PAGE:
Winners of the annual prize had included Nelson Mandela (1985), sir Bob Geldof (1986) and Archbishop Desmond Tutu (1989).
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Tracking and monitoring motor vehicles is not new to Kenyans. Competition to install affordable tracking devices is fierce but essential for fleet managers who receive reports online and track vehicles from the comfort of their desk.

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Agricultural Development Corporation Chief Accountant Gerald Karuga on the Spot Over Fraud –




Gerald Karuga, the acting chief accountant at the Agricultural Development Corporation (ADC), is on the spot over fraud in land dealings.

ADC was established in 1965 through an Act of Parliament Cap 346 to facilitate the land transfer programme from European settlers to locals after Kenya gained independence.

Karuga is under fire for allegedly aiding a former powerful permanent secretary in the KANU era Benjamin Kipkulei to deprive ADC beneficiaries of their land in Naivasha.

Kahawa Tungu understands that the aggrieved parties continue to protest the injustice and are now asking the Ethics and Anti-corruption Commission (EACC) and the Directorate of Criminal Investigations (DCI) to probe Karuga.

A source who spoke to Weekly Citizen publication revealed that Managing Director Mohammed Dulle is also involved in the mess at ADC.

Read: Ministry of Agriculture Apologizes After Sending Out Tweets Portraying the President in bad light

Dulle is accused of sidelining a section of staffers in the parastatal.

The sources at ADC intimated that Karuga has been placed strategically at ADC to safeguard interests of many people who acquired the corporations’ land as “donations” from former President Daniel Arap Moi.

Despite working at ADC for many years Karuga has never been transferred, a trend that has raised eyebrows.

“Karuga has worked here for more than 30 years and unlike other senior officers in other parastatals who are transferred after promotion or moved to different ministries, for him, he has stuck here for all these years and we highly suspect that he is aiding people who were dished out with big chunks of land belonging to the corporation in different parts of the country,” said the source.

In the case of Karuga safeguarding Kipkulei’s interests, workers at the parastatals and the victims who claim to have lost their land in Naivasha revealed that during the Moi regime some senior officials used dubious means to register people as beneficiaries of land without their knowledge and later on colluded with rogue land officials at the Ministry of Lands to acquire title deeds in their names instead of those of the benefactors.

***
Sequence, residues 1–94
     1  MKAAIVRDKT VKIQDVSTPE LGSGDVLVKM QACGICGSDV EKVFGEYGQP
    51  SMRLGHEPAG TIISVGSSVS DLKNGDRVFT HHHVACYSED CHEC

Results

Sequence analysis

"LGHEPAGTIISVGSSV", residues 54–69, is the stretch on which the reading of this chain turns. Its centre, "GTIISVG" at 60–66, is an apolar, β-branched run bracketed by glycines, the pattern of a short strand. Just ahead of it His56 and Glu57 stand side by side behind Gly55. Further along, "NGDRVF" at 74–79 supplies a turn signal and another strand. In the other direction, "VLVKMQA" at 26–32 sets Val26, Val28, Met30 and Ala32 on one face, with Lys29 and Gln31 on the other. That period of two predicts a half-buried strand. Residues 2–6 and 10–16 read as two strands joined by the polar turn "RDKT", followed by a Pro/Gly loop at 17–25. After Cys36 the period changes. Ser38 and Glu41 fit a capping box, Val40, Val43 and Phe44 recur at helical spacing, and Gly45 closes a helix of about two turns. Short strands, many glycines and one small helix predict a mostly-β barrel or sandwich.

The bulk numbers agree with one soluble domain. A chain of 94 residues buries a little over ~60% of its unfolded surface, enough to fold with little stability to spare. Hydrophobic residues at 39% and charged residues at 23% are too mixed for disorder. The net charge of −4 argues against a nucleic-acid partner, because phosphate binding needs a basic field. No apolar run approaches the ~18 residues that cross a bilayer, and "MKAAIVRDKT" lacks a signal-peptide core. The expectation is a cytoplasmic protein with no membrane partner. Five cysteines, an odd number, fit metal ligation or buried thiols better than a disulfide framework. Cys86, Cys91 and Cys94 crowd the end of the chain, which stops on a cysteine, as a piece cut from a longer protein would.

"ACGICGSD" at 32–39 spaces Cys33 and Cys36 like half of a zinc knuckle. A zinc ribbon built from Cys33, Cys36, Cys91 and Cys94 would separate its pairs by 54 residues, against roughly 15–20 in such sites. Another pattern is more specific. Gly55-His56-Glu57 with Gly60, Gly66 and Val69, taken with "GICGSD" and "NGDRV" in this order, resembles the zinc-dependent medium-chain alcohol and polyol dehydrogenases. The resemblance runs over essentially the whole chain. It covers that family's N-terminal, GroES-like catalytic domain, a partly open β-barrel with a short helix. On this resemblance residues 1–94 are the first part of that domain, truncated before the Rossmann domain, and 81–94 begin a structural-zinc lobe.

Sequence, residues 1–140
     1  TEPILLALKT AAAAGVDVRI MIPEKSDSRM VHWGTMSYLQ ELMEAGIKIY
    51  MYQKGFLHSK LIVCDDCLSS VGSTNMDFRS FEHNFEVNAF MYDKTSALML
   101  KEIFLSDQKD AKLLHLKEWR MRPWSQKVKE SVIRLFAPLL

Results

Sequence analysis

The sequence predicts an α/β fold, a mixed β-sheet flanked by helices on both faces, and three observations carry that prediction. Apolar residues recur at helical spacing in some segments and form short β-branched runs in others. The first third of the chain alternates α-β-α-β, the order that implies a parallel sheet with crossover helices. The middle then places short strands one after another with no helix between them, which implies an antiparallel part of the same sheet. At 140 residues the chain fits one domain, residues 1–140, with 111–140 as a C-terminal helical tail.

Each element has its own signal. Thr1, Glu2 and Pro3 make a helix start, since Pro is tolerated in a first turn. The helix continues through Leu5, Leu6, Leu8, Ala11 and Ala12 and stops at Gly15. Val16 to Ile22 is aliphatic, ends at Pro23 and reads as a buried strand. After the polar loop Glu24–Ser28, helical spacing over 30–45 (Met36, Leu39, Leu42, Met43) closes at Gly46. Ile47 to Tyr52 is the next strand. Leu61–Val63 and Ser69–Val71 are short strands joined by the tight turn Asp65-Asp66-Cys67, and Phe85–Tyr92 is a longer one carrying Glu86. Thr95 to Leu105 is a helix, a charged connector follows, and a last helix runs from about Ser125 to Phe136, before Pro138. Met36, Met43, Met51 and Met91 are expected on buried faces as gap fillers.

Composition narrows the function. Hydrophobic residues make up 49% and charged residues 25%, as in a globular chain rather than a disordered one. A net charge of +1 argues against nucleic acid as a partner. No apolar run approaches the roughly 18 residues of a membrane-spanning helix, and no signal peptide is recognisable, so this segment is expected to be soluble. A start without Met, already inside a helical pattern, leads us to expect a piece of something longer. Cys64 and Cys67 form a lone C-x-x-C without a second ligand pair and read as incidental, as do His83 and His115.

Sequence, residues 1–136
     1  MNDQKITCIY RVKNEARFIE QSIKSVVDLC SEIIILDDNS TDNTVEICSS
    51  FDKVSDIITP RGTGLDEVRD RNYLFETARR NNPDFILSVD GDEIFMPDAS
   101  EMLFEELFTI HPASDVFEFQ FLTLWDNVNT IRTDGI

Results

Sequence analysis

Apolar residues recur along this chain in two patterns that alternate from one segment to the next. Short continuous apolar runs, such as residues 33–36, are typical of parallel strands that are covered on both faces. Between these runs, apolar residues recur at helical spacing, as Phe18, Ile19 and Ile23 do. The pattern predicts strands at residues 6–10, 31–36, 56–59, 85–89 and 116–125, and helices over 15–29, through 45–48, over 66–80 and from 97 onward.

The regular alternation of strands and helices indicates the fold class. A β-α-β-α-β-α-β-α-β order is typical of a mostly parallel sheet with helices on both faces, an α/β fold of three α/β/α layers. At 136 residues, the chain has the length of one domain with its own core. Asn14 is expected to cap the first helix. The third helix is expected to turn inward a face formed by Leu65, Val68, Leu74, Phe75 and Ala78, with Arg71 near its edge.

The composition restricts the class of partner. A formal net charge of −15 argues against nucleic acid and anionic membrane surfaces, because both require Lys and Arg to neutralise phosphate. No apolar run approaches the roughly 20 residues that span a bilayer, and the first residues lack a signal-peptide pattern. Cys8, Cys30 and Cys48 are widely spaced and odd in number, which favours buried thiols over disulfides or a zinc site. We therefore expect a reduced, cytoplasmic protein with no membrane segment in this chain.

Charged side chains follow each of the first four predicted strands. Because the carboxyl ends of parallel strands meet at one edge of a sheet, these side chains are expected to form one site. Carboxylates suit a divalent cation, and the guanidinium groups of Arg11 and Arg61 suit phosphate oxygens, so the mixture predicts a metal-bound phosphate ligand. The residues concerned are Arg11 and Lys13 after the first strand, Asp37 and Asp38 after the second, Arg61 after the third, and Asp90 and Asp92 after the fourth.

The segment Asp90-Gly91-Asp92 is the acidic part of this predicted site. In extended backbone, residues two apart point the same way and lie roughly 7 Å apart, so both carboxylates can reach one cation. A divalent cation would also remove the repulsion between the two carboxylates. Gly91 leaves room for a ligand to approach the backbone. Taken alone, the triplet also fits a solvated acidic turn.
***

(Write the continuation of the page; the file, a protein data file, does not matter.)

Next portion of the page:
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“We have information that Karuga has benefitted much from Kipkulei through helping him and this can be proved by the fact that since the matter of the Naivasha land began, he has been seen changing and buying high-end vehicles that many people of his rank in government can’t afford to buy or maintain,” the source added.

“He is even building a big apartment for rent in Ruiru town.”

The wealthy officer is valued at over Sh1.5 billion in prime properties and real estate.

Last month, more than 100 squatters caused scenes in Naivasha after raiding a private firm owned by Kipkulei.

The squatters, who claimed to have lived on the land for more than 40 years, were protesting take over of the land by a private developer who had allegedly bought the land from the former PS.

They pulled down a three-kilometre fence that the private developed had erected.

The squatters claimed that the former PS had not informed them that he had sold the land and that the developer was spraying harmful chemicals on the grass affecting their livestock and homes built on a section of the land.

Read Also: DP Ruto Wants NCPB And Other Agricultural Bodies Merged For Efficiency

Naivasha Deputy County Commissioner Kisilu Mutua later issued a statement warning the squatters against encroaching on Kipkuleir’s land.

“They are illegally invading private land. We shall not allow the rule of the jungle to take root,” warned Mutua.

Meanwhile, a parliamentary committee recently demanded to know identities of 10 faceless people who grabbed 30,350 acres of land belonging to the parastatal, exposing the rot at the corporation.

ADC Chairman Nick Salat, who doubles up as the KANU party Secretary-General, denied knowledge of the individuals and has asked DCI to probe the matter.

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William Ruto eyes Raila Odinga Nyanza backyard




Deputy President William Ruto will next month take his ‘hustler nation’ campaigns to his main rival, ODM leader Raila Odinga’s Nyanza backyard, in an escalation of the 2022 General Election competition.